"There has always been a drug store..on that corner".....Unknown
Someone, maybe it was esteemed EditorDavid Stevens (CNJ), posted this photorecently on FB. It is the ever-present drugstore on Clovis' Main Street at Fourth Street,in some unnamed year..."Ever-present" meaning there was alwaysa drug store on that corner, as if it was theheart-beat of downtown, tho' the storesdid have several names, over time...Did it finally become...Cretney's?(Someone wrote recently that there is achurch there now, but I don't know aboutthat.)When we moved to Clovis that hot GreatDepression summer of 1938 to own andoperate the Magic Steam Laundry, thedrug store on that corner was THE FOXDRUG.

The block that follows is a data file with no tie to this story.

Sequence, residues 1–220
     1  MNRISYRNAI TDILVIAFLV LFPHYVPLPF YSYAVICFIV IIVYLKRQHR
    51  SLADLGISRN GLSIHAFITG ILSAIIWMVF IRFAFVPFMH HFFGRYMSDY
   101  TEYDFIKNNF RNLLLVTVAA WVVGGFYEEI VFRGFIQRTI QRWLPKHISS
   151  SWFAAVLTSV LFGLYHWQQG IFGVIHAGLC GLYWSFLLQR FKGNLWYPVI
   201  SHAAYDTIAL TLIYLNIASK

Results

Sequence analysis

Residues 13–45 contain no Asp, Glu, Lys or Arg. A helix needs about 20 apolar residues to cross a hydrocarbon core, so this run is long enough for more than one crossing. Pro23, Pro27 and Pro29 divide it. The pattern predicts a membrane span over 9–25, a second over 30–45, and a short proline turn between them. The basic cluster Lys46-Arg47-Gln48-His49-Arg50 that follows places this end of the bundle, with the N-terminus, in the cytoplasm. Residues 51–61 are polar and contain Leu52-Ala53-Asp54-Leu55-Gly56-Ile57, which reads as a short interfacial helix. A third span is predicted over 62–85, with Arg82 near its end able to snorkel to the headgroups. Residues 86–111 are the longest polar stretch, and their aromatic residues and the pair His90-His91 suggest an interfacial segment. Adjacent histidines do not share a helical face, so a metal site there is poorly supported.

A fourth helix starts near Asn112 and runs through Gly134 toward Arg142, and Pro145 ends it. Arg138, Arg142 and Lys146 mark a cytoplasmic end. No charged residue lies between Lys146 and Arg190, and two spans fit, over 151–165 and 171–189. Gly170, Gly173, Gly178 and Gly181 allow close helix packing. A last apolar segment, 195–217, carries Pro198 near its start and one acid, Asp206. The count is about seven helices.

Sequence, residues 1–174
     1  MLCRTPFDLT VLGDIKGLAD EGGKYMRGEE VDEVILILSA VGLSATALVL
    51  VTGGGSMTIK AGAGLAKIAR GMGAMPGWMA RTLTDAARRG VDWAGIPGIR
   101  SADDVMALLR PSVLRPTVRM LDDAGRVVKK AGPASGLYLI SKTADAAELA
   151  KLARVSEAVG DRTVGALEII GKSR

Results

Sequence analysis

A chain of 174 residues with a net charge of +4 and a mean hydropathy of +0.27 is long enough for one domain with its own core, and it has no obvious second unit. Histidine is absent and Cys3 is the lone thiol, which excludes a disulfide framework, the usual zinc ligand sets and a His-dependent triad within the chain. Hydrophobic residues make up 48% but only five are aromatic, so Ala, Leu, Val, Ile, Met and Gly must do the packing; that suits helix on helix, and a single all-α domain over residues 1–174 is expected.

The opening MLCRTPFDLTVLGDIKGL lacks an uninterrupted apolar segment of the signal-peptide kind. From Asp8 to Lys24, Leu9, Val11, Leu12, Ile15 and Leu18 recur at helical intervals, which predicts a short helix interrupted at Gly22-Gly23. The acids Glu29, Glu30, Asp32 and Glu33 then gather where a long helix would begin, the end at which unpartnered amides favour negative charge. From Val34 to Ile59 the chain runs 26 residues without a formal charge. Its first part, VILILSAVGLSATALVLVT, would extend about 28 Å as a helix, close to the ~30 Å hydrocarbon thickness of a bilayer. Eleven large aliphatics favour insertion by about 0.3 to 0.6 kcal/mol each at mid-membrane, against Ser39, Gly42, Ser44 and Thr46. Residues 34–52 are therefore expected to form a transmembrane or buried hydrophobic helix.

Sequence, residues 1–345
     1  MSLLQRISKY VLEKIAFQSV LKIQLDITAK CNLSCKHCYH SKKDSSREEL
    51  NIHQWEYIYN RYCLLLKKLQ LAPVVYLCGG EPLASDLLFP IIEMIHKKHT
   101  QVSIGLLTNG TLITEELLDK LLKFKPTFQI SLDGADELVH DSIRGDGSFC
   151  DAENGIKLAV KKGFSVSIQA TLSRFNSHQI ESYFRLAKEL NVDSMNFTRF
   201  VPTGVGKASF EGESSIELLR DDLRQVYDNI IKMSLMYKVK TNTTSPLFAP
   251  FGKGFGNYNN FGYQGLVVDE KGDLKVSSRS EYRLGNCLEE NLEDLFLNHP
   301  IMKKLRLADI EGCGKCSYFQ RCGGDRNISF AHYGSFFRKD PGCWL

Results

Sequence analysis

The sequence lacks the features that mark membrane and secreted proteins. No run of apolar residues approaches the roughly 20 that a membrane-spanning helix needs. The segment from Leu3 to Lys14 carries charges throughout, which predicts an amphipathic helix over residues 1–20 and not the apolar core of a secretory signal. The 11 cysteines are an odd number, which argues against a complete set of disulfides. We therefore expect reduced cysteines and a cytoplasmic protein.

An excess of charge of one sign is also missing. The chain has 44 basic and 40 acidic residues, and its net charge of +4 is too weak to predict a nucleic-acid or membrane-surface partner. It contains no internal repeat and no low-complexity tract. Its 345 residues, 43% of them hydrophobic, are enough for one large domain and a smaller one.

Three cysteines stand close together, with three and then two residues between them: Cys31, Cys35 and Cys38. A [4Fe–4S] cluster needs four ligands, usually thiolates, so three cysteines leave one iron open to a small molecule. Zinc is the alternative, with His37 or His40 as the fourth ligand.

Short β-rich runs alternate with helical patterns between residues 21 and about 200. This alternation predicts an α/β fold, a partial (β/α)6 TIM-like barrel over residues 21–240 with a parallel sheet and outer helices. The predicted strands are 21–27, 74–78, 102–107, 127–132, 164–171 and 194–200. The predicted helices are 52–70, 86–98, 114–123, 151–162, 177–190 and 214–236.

There were small signs over the entranceswith cool little black running FOXES...likesilhouettes almost.There was a large lunch room over inthe far right back corner with tables andmaybe waitresses., as well as a long sodafountain counter out in the store runningfrom west to east up to the front...On the far north side, toward Anthony'swas a fine news stand facing Main Street.They sold kids' comic books for 15 centseach.There was a pharmacy in back by therear exit onto Fourth.In our simple little pre-war city, KICARadio was a big thing! Grady Maplesand R.B. McAlister operated the station.It broadcast a men's quartet, singingSouthern Gospel each day at12:45-1:00 p.m. from Fox. There wasa piano up front by the slanted door atthe corner...and they rolled it onto thesidewalk and broadcast from right there.My uncle sang first tenor in that quartet.The Fox Drug was a handy place for littleClovis kids whose big entertainment waswalking through every store in town, butwith no money to buy anything.In through the news stand, up and downthe aisles and out the back door ontoFourth. That was the "drill."Robert Stebnins, CHS '51, remembers awomen's dress shop back behind FoxDrug, abutting the alley. He thinks it was"Doreen's."There WAS such a business there foryears, and I salute Robert for his memory...of the store's name. I didn't recall that.But sit down for this one. There was alsoonce a small barber shop back there...andIt was there either before Doreen's or atthe same time.I know, for that's where I got my first-everstore-boughten haircut. One Saturday nightDad took me in there. (Stores in those earlytimes stayed open until 9 or 10 on Saturdaynights.) For your info, I was age five.The name of the Barber Shop escapes mebut it was run by a short little man named Mr.Jenks. My barber was a tall rather handsomeman named Mr. Nolan.(In 1961 when we moved to Albuquerqueand I sought out a barber shop, I stoppedin at the Princess Jeanne Addition barbershop and in the subsequent conversationdiscovered the young man cutting my hairwas named Nolan. His father cut hair inClovis, once.)That was an interesting corner, Fourth andMain...there was a Woolworths on the SE,a Barry Hardware on the NE, May's Jewelrywas south of Fox Drug on the SW corner.On that grand and fateful Saturday afternoon,circa AUGUST 15, 1945, about 4 p.m. whenI wandered out of the beloved LYCEUMTHEATER into the bright and blindingsunshine, traffic was stopped on MainStreet.There was a KICA RADIO VAN parkedcatty-wompus under the stop light almostin front of Barry Hardware... the loud speakerwas announcing: "TODAY, THE JAPANESEHAVE SURRENDERED. WWII IS OVER."I stood there stunned.I thought and it's true: "Thank God, no morewars."My twelve-year-old heart was fed up with thatwar----We kids had gathered all kinds of oldrubber ties, scrap metal, paper,grease, glass and bought 10 centwar stamps...When we were rather small we hadwatched during hot summers,and heard the B24's asthey droned around town,training to head to Europe...some 55,000 nevercame home.At the laundry we did thousandsof bundles of clean uniformsfor the men at the ClovisAir Base...I met them all...Yes, that FOX DRUG STORE cornerdoes bring back memoriesof life as it happened decadesago...it was just as real aslife is today, and just asimportant to us, then...When I walk Main Street, ordrag it today, even if onlyin memory...I get a deepfeeling of reverencefor times, and friends...long-passed.---------------------MIL28 JUNE 17